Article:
Although the yellow flowers and green leaves of the water primrose (Ludwigia hexapetala) seem harmless, the native of South America has become a growing problem within the waterways of South Carolina, and is now included on the state’s list of aquatic plants illegal to own, import, or sell within the state. Distinguished by showy its yellow flowers and a tendency to form dense mats along the edges of bodies of water, the plant spreads both through fragmentation and transport and through the production of seeds. The former method, coupled with its fast growth, adds to its threat as an invasive species. If a piece of water primrose breaks and attaches to a boat or animal, it can then be transported to other bodies of water that were previously uninfected. In its new environment, the plant can spread and form a new mat, which often out competes native species for sunlight and space and can sometimes quickly destroy the ecological diversity of a lake or stream.
Similar to some other aquatic invasive plant species, water primrose can spread from place to place relatively easily through human and animal activity and is difficult to control. However, according to the State of Washington Noxious Weed Control Board, physically removing the plant or covering it with material that prevents sunlight from reaching the plant may be effective ways of slowing its growth and controlling populations. However, physical solutions are costly and not always effective, since the plant grows quickly and can reclaim a body of water within weeks if specimens are left behind. Chemical methods could potentially harm native plants as well as the target species, despite their attractiveness and apparent ease of use. Prevention is therefore the best method of controlling water primrose’s spread. Encouraging (or even requiring) boaters and fishermen to remove the plant from their boats, ballast water, and lines could spread non-animal transport of plant fragments to places that were previously not infested.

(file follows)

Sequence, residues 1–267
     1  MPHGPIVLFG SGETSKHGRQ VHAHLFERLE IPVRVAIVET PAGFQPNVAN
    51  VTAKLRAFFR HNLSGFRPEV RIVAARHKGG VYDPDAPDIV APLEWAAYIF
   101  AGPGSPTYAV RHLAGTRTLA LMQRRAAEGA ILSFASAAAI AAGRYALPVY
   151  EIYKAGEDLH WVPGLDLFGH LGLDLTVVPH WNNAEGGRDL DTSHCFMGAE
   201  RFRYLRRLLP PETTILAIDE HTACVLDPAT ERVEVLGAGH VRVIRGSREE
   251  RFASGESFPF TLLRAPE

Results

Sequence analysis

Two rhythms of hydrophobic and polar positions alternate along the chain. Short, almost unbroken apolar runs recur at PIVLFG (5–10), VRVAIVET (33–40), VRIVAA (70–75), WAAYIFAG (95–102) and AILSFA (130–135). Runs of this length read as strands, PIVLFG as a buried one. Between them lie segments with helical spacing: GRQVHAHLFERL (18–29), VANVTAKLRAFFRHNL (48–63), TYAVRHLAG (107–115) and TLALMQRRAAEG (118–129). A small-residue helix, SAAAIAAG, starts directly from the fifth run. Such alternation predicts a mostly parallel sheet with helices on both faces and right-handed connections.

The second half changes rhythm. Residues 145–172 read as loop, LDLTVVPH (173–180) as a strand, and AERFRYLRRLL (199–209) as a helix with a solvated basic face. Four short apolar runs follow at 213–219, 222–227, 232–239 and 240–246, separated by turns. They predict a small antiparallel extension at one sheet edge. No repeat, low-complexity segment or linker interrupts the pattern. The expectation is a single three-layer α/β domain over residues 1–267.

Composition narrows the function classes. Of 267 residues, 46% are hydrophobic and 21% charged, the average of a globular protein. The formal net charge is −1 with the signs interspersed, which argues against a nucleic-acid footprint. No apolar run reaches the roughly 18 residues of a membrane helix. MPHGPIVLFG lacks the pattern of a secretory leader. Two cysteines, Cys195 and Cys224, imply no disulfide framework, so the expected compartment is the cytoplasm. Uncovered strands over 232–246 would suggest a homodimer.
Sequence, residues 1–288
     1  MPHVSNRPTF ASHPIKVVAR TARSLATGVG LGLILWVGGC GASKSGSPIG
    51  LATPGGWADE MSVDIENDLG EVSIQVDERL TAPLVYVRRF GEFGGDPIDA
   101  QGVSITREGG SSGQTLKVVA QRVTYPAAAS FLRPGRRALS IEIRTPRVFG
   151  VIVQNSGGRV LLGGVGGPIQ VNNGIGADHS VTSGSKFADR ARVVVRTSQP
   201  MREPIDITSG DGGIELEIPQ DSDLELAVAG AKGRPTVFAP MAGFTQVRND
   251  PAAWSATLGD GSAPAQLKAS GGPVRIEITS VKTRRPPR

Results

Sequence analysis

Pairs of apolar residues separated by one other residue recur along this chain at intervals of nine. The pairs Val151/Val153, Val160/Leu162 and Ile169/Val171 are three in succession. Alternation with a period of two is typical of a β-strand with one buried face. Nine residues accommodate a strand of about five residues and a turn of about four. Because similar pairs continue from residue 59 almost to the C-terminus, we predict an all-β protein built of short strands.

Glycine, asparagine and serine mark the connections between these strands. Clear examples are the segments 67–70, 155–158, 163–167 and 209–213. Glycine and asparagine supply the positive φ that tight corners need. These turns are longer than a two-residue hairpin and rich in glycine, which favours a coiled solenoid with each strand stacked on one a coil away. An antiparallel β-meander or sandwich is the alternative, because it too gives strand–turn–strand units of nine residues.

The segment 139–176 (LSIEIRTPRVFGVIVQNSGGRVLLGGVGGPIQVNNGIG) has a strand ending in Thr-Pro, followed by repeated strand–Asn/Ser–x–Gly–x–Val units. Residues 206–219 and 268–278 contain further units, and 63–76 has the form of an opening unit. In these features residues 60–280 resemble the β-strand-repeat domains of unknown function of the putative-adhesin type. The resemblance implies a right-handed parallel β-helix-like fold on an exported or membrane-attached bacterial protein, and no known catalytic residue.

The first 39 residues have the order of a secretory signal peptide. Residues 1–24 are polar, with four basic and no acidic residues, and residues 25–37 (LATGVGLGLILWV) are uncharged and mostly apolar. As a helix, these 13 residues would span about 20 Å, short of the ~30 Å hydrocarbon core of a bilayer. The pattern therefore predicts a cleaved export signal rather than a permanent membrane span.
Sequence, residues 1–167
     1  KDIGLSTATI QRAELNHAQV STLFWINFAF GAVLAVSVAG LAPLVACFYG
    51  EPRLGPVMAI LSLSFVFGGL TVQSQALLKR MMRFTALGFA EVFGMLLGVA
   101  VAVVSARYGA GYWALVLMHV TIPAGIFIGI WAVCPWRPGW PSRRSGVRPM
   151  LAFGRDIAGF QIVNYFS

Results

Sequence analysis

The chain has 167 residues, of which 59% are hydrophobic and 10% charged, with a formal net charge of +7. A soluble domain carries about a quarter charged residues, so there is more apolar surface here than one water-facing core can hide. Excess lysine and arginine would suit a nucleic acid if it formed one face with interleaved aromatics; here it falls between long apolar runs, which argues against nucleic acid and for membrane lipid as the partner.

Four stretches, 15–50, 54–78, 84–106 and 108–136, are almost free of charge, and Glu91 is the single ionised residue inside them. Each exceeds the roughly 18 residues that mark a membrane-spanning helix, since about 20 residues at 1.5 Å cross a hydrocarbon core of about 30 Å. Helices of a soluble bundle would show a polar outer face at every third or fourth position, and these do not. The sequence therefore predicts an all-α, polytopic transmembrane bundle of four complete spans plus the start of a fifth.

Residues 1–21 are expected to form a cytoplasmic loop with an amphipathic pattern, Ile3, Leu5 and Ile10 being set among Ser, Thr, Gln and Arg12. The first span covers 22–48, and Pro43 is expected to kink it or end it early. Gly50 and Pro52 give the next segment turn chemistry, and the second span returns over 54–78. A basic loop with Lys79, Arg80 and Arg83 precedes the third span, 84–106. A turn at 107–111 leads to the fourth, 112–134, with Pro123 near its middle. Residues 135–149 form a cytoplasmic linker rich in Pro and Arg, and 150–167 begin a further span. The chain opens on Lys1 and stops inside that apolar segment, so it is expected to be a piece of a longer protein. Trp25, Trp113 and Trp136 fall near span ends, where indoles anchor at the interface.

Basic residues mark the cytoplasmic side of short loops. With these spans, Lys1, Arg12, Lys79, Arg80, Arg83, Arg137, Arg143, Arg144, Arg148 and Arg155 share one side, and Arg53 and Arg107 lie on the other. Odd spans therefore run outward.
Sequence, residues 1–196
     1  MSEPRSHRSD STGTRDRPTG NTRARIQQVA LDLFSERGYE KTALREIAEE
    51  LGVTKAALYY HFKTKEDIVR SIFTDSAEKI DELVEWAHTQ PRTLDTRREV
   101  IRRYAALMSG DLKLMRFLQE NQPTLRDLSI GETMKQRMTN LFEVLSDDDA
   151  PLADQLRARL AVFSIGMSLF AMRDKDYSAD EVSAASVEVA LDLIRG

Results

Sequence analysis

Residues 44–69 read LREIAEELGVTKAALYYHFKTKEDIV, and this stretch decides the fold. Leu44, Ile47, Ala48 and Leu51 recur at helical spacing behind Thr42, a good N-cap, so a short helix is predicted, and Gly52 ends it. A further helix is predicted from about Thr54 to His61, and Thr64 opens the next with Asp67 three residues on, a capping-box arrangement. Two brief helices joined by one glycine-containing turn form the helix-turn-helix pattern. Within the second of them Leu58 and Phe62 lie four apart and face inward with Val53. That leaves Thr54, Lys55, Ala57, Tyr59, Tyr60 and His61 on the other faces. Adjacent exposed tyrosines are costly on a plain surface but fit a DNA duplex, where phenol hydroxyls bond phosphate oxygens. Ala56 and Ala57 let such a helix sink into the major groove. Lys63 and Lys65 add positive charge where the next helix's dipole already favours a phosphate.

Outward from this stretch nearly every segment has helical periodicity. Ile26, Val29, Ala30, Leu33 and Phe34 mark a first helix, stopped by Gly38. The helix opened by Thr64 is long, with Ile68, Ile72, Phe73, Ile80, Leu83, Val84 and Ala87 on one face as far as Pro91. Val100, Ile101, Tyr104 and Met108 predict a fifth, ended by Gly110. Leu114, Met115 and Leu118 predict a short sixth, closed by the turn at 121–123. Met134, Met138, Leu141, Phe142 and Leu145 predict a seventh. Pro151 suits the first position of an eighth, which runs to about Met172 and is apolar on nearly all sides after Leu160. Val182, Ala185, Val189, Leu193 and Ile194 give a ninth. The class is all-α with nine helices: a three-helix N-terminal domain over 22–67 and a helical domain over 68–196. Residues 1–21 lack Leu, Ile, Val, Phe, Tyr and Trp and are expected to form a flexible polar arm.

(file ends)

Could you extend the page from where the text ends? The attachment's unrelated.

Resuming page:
The problems of the water primrose are similar to other problematic species. It is aggressive, and spreads easily from one habit to another. Based on the states of Washington and South Carolina, the best method of preventing the plant from taking over native habitats seems to be preventing its spread and establishment. Once it takes over, the plant is nearly impossible to control. Although use of herbicide seems like a simple solution, it is fraught with problems. A herbicide (like Rodeo) effects not only non native plants like water primrose, but also native plants that are already being out competed by invasive species. Also, plants can form a resistance to herbicides over time, leaving the ineffective. This leads to a series of questions. First, is it possible to tailor an herbicide to specifically target water primrose? This is probable, but leaves other questions. Would a tailor-made herbicide be both economically feasible and non harmful to other parts of the aquatic environment? This second question is improbable. New herbicides often have unforeseen effects on the environment as a whole, and may or may not be effective. Means of preventing the spread of water primrose are also problematic. Although the plant is classified as illegal to possess in the state of South Carolina, departments like Natural Resources are often under funded, leading to problems with enforcement. Without enforcement, the law means little. The plant will still spread regardless of regulations. Voluntary measures like cleaning the bottoms and ballast areas of boats are also encouraged, but have the same problem. There is no extrinsic incentive for most boaters and fishermen to go to the trouble of removing the plant. Until there is more of an incentive to comply with these suggestions, there will be little hope in controlling the spread of water primrose.